Party On, Style Mavens  | American Journalism Review
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From AJR,   June/July 2011

Party On, Style Mavens   

News organizations have different approaches when it comes to styling tea party. Thurs. March 3, 2011

By Andrew Damstedt
Andrew Damstedt (adamstedt@ajr.umd.edu) is an AJR editorial assistant.     


So, is it Tea Party, tea party or "tea party"?

Depends where you look.

News organizations have different approaches when it comes to the name of the populist movement, which gained its own entry in the AP Stylebook's 2010 edition: tea party.

A sampling of headlines in early February shows both upper- and lower-casing of tea party, and at least one news organization putting tea party in quotes. "Hatch and Lugar blaze different paths as tea party stalks" was one washingtonpost.com headline, but another headline on the site read, "Is the Tea Party cynical, after all?" In USA Today, there was "Tea Party movement to have own magazine"; the Christian Science Monitor topped one story with "Patriot Act upset vote: Can tea party lawmakers, liberals be friends?"; and the Los Angeles Times brought out the quote marks for "Conference to serve as preview of 'tea party' influence in 2012."

"Uppercasing 'Tea Party' isn't a political judgment, or really even a substantive one just a style decision, a question of clarity and appearance," Philip B. Corbett, the New York Times' standards editor, wrote in the Public Editor blog in October. "In my view, it looks odd and distracting to refer to a lowercase 'tea party.' "

Ben Welter, news copy desk chief at Minneapolis' Star Tribune, says that publication decided to capitalize Tea Party, even if the much-ballyhooed phenomenon has no central body. "It's a widely known, easily identified political movement," he says. He goes on to say that the Star Tribune also capitalizes "First Lady" when it stands alone and "Up North," suggesting that maybe "our bar for capping things is lower than most publications'."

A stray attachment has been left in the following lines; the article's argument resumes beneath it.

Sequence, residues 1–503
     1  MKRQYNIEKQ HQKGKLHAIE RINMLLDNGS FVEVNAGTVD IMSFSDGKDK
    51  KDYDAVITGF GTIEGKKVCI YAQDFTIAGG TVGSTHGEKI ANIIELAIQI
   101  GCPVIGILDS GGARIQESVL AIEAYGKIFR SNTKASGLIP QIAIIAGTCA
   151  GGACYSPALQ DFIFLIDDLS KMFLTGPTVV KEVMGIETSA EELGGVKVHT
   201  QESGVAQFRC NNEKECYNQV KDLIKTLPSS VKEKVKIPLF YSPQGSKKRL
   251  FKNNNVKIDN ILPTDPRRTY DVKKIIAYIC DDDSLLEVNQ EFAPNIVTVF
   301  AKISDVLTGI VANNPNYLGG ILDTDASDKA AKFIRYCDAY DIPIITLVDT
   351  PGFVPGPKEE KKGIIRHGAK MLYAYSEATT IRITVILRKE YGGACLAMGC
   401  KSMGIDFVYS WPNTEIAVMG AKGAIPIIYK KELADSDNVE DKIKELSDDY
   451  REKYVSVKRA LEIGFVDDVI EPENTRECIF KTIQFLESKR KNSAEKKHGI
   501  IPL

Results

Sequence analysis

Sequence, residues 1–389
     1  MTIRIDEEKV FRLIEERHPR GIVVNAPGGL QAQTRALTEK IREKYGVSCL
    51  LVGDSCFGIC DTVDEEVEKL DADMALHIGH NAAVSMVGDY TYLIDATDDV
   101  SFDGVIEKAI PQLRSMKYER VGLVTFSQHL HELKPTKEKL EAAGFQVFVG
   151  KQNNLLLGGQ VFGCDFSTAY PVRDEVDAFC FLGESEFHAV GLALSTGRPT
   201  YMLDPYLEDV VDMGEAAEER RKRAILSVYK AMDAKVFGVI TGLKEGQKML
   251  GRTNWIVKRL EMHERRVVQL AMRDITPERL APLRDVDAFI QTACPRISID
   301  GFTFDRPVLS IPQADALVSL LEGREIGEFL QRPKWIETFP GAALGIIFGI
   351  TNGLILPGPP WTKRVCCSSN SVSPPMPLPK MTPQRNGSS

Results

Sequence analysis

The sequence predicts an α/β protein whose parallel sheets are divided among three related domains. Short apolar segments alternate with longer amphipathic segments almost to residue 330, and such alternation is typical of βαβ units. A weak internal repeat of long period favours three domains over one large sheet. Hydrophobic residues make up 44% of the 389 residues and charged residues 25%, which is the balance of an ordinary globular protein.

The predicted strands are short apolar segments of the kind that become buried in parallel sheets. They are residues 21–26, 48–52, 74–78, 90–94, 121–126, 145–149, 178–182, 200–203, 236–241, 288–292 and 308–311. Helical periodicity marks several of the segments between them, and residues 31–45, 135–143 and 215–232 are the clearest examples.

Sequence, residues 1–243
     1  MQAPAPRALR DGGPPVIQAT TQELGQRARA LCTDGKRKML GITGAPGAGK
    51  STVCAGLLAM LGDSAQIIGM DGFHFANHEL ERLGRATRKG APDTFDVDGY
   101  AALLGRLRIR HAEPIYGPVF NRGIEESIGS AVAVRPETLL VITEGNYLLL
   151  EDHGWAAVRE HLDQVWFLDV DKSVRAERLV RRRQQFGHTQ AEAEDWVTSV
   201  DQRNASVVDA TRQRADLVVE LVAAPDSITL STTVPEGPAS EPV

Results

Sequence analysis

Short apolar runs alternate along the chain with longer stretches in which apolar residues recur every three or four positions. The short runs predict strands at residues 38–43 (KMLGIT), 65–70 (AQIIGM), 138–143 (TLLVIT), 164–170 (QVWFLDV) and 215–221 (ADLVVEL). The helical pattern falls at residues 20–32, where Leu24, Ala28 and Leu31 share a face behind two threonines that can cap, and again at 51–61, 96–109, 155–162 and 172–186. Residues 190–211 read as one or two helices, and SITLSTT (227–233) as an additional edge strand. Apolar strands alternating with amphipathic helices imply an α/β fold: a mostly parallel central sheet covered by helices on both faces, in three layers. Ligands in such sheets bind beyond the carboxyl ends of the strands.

Welter and Corbett say using caps minimizes confusion by making clear the reference is not to an actual tea party, the kind that features scones. "As a common noun, a 'tea party' is a gathering where tea is served, or something Alice would attend," Corbett wrote. "And of course, the intended reference is to the Boston Tea Party, which we uppercase as a specific historical event."

While the Star Tribune capitalizes tea party in its own stories and headlines, it bows to the AP's preference in the wire service's stories posted on startribune.com.

David Minthorn, AP deputy standards editor, says because the tea party is more of a movement than a formal organization, the style bible decided to lowercase the name. "That could change, of course, if they ever establish a formal national entity," he says.

The AP Stylebook entry was expanded in late 2010, he says. Whereas the movement is not capitalized, formally named groups, such as the Tea Party Express, are. Adherents are tea partyers and not partiers, according to the stylebook. But that's another discussion.

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